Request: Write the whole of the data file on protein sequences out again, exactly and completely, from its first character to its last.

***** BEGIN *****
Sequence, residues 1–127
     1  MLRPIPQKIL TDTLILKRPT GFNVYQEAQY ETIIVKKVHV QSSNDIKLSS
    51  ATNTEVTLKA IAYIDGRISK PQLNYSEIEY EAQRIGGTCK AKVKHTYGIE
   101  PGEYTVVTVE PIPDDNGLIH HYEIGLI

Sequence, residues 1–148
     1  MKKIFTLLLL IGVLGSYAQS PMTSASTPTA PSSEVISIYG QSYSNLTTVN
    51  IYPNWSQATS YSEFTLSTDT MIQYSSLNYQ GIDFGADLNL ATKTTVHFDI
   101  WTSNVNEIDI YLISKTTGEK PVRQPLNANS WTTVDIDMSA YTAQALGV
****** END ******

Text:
Sequence, residues 1–127
     1  MLRPIPQKIL TDTLILKRPT GFNVYQEAQY ETIIVKKVHV QSSNDIKLSS
    51  ATNTEVTLKA IAYIDGRISK PQLNYSEIEY EAQRIGGTCK AKVKHTYGIE
   101  PGEYTVVTVE PIPDDNGLIH HYEIGLI

Sequence, residues 1–148
     1  MKKIFTLLLL IGVLGSYAQS PMTSASTPTA PSSEVISIYG QSYSNLTTVN
    51  IYPNWSQATS YSEFTLSTDT MIQYSSLNYQ GIDFGADLNL ATKTTVHFDI
   101  WTSNVNEIDI YLISKTTGEK PVRQPLNANS WTTVDIDMSA YTAQALGV